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any litigation that arises out of the accident can be imputed to the former employer for purposes of civil liability. Id. As applied to this case, if the deceptive conduct alleged was attributable to the independent acts of a few specific employees, then the State would agree that Lang would preclude the State from interviewing those employees ex parte about their acts that give rise to Defendants’ liability. But that is not the State’s case here. The State’s allegations of liability are not based on the acts of particular employees or particular events, but rather on company-wide policies carried out over several years by thousands of non-management employees. See Complaint. Further, the State is not asking for ex parte interviews of current employees or of former management employees, whose acts and omissions are directly at issue in this case. Rather, the State wishes to interview only former non-management employees, who were mere witnesses to conduct that may give rise to Defendants’ liability. The State wants to interview these individuals about what they saw and heard about Defendants’ companywide policies, about how Defendants’ policies worked in practice, and about Defendants’ failure to ensure compliance with the law and the Consent Judgment. See Complaint. The State is asking for nothing more than the opportunity to fully investigate its case by interviewing the only available witnesses to Defendants’ implementation of their policies and procedures. Defendants argue that the State cannot interview any of their thousands of former customer service representatives, on the theory that their acts and omissions “may be imputed to the organization,” or may have given “rise to the underlying litigation.” Joint Pretrial Statement at 16. However, neither the fact that former employees “may have information which is damaging” to Defendants, nor Defendants’ “desire to protect the organization from liability-creating statements justifies a blanket ban on ex parte communications.” Lang, 170 Ariz. at 607, 826 P.2d at 1233. Arizona ethics opinions following Lang reinforce this view. See Ariz. Ethics Op. 00-05 (stating that “[c]ontacts with a former employee are not prohibited merely because that person may have information which is harmful to the opposing party”); -8-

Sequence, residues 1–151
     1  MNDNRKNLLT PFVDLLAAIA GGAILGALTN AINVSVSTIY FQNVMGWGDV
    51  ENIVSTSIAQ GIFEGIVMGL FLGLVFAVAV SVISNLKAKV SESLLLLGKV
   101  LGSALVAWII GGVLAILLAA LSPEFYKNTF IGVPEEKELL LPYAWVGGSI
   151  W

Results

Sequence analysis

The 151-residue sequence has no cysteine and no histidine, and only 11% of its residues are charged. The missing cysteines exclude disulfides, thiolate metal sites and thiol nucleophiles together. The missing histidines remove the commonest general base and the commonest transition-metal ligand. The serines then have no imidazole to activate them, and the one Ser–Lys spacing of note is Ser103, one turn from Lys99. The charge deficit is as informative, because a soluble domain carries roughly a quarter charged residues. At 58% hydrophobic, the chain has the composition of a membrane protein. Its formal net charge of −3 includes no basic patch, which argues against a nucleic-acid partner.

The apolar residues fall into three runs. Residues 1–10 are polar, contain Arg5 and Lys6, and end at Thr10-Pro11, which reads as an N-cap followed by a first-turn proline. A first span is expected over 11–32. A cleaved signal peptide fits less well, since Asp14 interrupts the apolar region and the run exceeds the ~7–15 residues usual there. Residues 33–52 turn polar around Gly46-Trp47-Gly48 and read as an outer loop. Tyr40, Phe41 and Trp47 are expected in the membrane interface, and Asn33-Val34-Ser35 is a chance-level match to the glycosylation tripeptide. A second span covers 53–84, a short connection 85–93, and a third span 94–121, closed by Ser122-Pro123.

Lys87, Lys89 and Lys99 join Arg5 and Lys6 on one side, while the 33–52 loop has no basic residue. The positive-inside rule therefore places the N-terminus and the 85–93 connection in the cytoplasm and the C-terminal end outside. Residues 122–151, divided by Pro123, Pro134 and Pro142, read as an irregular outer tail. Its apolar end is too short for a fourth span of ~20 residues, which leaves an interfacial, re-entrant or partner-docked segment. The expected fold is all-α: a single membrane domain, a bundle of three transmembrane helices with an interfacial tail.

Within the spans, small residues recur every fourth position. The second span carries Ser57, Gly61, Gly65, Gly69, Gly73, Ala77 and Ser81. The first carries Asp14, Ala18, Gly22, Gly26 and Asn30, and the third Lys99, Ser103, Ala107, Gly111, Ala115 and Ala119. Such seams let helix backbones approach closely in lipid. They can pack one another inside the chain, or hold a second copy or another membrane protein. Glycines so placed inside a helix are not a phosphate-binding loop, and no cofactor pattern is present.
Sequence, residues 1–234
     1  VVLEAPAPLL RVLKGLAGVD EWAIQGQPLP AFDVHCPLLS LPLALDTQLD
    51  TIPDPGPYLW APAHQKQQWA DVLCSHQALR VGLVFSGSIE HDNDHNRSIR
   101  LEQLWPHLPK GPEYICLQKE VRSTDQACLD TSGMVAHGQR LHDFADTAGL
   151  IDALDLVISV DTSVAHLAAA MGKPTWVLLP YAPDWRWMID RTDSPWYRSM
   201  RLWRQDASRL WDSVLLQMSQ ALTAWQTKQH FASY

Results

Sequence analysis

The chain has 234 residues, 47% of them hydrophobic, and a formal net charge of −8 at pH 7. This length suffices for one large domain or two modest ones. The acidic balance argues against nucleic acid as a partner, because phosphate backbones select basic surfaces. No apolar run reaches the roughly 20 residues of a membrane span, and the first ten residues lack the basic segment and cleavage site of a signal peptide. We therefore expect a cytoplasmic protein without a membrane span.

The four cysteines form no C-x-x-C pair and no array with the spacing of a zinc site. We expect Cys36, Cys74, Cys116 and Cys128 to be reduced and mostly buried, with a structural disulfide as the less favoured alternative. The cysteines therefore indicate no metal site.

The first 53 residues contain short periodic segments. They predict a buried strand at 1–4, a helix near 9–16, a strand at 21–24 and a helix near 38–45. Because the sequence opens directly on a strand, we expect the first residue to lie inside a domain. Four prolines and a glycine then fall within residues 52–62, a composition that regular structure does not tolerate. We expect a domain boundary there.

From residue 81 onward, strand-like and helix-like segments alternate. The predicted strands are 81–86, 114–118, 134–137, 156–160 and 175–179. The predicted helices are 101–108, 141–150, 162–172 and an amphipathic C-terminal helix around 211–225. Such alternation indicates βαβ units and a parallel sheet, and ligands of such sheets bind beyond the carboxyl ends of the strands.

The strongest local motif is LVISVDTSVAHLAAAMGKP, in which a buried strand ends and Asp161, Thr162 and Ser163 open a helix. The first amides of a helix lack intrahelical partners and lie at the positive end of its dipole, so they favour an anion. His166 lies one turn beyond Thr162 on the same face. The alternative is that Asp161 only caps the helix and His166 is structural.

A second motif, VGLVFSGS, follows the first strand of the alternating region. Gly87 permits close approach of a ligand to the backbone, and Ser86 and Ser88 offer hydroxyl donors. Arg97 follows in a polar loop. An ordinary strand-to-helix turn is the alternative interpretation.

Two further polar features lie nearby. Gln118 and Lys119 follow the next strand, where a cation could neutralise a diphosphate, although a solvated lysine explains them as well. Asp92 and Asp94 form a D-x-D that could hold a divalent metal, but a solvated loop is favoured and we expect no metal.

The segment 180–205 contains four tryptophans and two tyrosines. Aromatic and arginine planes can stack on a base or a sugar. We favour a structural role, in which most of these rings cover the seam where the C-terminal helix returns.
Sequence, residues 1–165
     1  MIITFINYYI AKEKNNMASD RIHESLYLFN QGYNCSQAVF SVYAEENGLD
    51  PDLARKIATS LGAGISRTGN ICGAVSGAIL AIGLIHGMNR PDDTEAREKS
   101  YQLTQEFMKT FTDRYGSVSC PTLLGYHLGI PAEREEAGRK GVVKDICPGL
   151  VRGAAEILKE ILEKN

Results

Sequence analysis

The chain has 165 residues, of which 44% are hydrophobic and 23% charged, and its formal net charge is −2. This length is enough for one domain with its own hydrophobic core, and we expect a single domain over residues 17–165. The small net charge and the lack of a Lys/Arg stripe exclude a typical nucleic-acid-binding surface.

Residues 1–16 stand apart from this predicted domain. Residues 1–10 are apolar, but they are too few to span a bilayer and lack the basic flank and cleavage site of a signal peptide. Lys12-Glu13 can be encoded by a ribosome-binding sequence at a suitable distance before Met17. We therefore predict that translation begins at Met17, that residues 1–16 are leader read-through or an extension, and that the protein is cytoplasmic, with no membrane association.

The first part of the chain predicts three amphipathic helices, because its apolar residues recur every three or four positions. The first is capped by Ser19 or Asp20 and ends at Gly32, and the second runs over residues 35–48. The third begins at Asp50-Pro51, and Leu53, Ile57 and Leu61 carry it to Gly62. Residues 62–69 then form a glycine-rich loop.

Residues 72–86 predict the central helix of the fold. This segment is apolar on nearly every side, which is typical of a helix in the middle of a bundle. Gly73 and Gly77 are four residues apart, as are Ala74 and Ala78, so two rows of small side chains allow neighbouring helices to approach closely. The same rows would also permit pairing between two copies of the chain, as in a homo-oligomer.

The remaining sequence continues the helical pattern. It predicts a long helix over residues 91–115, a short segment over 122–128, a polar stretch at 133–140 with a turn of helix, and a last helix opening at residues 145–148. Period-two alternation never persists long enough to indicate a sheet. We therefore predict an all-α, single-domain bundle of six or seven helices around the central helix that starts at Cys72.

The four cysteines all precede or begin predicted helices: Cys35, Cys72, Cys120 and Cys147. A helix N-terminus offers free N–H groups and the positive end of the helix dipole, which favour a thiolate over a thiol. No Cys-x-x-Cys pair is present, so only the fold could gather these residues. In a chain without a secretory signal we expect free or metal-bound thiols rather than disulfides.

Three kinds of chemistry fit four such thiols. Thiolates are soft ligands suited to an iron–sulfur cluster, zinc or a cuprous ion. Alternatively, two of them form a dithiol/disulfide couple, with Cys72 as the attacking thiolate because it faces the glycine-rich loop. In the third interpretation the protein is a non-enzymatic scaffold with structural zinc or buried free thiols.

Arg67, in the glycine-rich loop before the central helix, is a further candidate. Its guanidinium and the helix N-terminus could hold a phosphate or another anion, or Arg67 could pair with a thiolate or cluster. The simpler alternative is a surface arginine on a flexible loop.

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Ariz. Ethics Op. 95-07 (noting facts that testimony of former employee may be detrimental to former employer and that former employee may have witnessed an unlawful act of former employer do not determine propriety of contact). The ban Defendants seek would not further the purposes of Rule 4.2, but rather would operate as an unnecessary restriction upon informal discovery that can more efficiently advance the cause of discovering the facts. Id. This is especially true in this case involving huge corporations, where a blanket rule banning informal interviews with former employees would not protect the attorney-client relationship or attorney-client communications—since former non-management employees would have no access to privileged information that could be improperly obtained. Rather, such a rule would effectively preclude all informal discovery from these important witnesses to Defendants’ implementation of their relevant policies and procedures. The State’s request is consistent with the majority of courts that have interpreted Rule 4.2 as well as with ABA Formal Opinion 91-359. See, e.g., Clark v. Beverly Health & Rehab. Servs., 797 N.E.2d 905, 906 (Mass. 2003) (lawyer’s contact with a nurse formerly employed at Defendant nursing home who was on duty the night that patient died was proper, even though nurse was “directly involved” in the subject matter of the litigation); Smith v. Kalamazoo Ophthalmology, 322 F. Supp. 2d 883, 885 (W.D. Mich. 2004) (interview in civil rights case of former personnel manager with extensive knowledge directly related to litigation was proper); Fleetboston Robertson Stephens, Inc. v. Innovex, Inc., 172 F. Supp. 2d 1190, 1195 (D. Minn. 2001) (plaintiff's counsel contacted defendants’ former CEO to discuss matters relevant to the litigation); see also infra. p. 13. Although these cases are not controlling, they do provide persuasive support for a narrow construction of the Lang exception to the general rule. It is crucial that the State be permitted to interview former employees without the presence of Defendants’ counsel, so that these witnesses can speak freely and without interference and the State can carry out its investigation and discover the truth. It is also crucial -9-

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that the State be permitted to delay identifying any former employee it contacts unless and until it has conducted an interview of the employee, to prevent Defendants from attempting to influence any interview before it is conducted. The State will of course fully comply with its disclosure obligations. Following any interview, the State will provide the name of the former employee interviewed. If the State wishes to use any former employee as a witness, it will so notify Defendants, and the State will also timely disclose any evidence that any former employee might provide to the State. III. The State Also Seeks the Court’s Guidance About Interviews Previously Conducted By Outside Counsel for the State of Nevada. As argued herein, the State believes its attorneys should be permitted under ER 4.2 to conduct ex parte interviews of former Bank of America non-managerial employees. In the event the Court disagrees, however, then the State requests that the Court resolve the following, related issue that Bank of America raised in its Joint Pretrial Statement. A. Factual Background.